Now known as a migrant transit town, Arlit, in northern Niger, was previously and famously known as one of the uranium capitals of Africa.
It is close to the border with Algeria and is home to more than 150,000 inhabitants. Currently covered in dust and with a ‘rusted’ look, the town’s glory is a thing of the past.
Eight years after Niger got its independence from France, the French government decided to open its first uranium mine in Arlit.
It is the uranium from these mines that light up the Eiffel Tower and one of every three bulbs in France, according to an Oxfam and ROTAB 2013 report. Additionally, the uranium is used to produce nuclear materials and sold to other European countries for the benefit of France.
Even with such a huge resource, Niger is one of Africa’s poorest countries. Its annual budget is a fraction of that of Areva, the state-owned French company running the mines in Arlit.
There are parts of Arlit that still do not have electricity or water, and the natives of Niger suffer due to lack of health facilities, education and economic investments.
Rights groups have constantly called for the review of the contract between France and Niger over the mines. The pressure forced a renegotiation of the contract in 2014 after Areva’s contract ended the year before.
One of the contentions about the expired contract was that its details were never made public. However, a report by Reuters revealed that: “Areva’s mines pay no export duties on uranium, no taxes on materials and equipment used in mining operations, and a royalty of just 5.5 per cent on the uranium they produce.”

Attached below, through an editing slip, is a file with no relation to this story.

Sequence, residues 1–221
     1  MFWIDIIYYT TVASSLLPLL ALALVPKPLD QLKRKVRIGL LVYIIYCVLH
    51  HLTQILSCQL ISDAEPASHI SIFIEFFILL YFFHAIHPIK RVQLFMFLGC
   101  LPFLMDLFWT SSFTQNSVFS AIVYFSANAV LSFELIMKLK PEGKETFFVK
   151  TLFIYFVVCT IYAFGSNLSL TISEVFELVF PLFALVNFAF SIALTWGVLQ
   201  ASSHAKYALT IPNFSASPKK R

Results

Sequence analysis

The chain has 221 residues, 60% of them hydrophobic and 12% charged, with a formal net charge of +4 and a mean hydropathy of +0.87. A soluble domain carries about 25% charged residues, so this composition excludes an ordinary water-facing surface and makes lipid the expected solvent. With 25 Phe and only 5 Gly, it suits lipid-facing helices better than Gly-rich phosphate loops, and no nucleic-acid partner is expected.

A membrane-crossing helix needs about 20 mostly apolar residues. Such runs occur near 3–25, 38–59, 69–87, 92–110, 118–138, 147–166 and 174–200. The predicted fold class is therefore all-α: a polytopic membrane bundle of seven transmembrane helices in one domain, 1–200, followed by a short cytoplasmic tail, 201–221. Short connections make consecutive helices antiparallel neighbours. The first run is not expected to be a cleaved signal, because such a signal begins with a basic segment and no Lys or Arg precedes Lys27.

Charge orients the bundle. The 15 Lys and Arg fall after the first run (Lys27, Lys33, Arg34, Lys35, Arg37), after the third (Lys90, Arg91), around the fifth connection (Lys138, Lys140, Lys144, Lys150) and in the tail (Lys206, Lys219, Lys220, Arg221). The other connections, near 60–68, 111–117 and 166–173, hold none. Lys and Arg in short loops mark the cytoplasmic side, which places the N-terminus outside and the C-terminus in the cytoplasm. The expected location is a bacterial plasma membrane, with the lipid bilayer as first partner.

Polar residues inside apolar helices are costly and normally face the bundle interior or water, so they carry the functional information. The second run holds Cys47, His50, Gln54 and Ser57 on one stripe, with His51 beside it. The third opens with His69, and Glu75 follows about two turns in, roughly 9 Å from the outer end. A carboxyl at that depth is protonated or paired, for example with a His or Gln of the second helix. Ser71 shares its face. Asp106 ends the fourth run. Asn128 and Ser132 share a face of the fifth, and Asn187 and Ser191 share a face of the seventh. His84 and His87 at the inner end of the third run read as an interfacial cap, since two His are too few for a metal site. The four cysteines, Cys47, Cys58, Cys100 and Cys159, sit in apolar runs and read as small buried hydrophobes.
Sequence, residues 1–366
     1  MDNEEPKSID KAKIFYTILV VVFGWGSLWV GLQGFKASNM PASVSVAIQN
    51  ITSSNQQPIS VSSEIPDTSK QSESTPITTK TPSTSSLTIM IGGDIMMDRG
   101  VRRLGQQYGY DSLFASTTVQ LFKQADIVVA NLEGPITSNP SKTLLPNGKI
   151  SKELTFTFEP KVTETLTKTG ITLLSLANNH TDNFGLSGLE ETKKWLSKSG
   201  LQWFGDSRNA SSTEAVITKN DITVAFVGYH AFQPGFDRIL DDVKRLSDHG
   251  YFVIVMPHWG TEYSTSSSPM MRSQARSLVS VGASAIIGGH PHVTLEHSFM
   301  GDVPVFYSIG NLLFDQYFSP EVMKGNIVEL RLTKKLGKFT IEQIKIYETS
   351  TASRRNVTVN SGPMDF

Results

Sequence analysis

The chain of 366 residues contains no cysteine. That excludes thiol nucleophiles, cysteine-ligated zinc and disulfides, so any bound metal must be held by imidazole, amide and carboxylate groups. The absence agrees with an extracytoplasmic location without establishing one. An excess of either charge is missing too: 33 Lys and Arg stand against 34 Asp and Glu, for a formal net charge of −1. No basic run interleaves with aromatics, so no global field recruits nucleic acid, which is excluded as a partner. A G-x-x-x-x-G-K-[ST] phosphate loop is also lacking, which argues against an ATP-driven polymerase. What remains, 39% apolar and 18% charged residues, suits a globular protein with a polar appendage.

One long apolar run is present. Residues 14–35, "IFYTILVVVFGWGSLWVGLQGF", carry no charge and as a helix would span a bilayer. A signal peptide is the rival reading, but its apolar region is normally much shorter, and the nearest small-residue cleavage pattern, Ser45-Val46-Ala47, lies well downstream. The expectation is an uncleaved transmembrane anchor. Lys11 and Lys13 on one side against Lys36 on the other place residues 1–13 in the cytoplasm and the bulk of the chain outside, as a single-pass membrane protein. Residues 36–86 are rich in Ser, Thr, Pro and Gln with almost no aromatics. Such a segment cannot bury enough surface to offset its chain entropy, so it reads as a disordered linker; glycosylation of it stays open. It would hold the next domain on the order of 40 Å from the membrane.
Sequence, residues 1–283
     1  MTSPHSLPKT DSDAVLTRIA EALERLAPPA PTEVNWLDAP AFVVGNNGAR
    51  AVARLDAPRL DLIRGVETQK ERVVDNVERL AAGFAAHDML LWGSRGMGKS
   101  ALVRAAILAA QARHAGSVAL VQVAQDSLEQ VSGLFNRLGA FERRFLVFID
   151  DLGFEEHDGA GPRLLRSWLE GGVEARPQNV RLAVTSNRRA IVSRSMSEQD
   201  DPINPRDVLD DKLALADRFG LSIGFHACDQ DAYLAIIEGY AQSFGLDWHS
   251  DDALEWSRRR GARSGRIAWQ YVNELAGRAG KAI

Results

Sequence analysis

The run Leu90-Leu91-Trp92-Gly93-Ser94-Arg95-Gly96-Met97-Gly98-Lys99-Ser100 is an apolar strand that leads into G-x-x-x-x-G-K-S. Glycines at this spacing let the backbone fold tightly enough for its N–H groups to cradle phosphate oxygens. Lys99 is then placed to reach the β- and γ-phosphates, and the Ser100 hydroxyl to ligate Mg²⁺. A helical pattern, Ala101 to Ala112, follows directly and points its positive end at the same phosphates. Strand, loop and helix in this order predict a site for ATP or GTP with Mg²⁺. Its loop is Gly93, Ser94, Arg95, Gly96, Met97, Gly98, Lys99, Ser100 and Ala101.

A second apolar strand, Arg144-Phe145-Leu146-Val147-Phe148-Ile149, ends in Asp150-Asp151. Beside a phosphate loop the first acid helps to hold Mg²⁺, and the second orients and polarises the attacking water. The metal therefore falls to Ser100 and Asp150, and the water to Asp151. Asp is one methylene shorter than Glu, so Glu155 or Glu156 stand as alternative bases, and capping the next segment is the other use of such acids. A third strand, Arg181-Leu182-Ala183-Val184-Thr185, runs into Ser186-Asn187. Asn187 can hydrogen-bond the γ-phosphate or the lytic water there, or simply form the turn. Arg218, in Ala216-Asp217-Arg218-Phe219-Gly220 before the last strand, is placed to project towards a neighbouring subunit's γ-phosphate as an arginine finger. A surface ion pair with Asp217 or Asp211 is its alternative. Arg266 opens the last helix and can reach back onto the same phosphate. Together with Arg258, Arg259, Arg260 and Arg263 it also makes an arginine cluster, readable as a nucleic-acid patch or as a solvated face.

Then President Mahamadou Issoufou stated that the contract was as a result of France’s dominance in Niger during the colonial time.
Even with the renegotiation, Areva is still benefiting more from the mines than Niger. It has also limited journalists from accessing the mines or investigating them.
“If either Areva or the government were to find out you’re poking your nose in their business, they’ll go to any length to make your work very difficult”, MUOSCA’s director Dan Ballan Mahaman Sani told African Arguments.
Currently, the town experiences attacks from militant groups and members of Areva have been targeted.
Other issues the town is grappling with is toxic waste from the site. Radioactive dust and old discarded equipment are all over the town.
The mine workers have also suffered health problems including joint pain, unknown skin conditions and others. Worse, the only hospital in the area is run by Areva for its employees.
The only concern right now is that the town will be a ghost town after Areva leaves once Uranium is depleted.